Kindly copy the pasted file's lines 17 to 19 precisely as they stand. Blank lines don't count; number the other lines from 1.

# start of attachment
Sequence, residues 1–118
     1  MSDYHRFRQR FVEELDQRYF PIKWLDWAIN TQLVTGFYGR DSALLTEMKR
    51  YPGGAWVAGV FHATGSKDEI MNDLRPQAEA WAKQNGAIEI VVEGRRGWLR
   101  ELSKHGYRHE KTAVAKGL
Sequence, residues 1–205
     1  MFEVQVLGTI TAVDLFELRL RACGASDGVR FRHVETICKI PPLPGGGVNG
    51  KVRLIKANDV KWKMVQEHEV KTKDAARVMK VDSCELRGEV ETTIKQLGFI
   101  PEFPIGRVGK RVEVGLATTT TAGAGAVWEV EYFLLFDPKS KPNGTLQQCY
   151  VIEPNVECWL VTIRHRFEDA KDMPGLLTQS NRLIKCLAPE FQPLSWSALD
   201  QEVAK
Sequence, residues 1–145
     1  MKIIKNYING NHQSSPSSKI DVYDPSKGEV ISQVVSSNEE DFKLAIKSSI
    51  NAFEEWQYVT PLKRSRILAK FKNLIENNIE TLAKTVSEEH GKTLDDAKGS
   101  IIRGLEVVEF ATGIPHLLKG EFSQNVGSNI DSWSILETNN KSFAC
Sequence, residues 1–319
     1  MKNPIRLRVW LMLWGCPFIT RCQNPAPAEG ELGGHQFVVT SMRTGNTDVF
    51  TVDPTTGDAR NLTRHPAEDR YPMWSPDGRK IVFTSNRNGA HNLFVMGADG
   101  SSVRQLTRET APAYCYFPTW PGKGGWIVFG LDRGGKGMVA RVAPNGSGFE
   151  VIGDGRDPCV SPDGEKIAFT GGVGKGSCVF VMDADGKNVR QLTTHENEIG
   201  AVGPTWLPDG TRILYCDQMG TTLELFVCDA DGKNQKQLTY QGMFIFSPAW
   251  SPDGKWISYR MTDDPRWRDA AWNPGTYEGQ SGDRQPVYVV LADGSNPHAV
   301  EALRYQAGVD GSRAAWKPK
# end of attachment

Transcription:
    51  TVDPTTGDAR NLTRHPAEDR YPMWSPDGRK IVFTSNRNGA HNLFVMGADG
   101  SSVRQLTRET APAYCYFPTW PGKGGWIVFG LDRGGKGMVA RVAPNGSGFE
   151  VIGDGRDPCV SPDGEKIAFT GGVGKGSCVF VMDADGKNVR QLTTHENEIG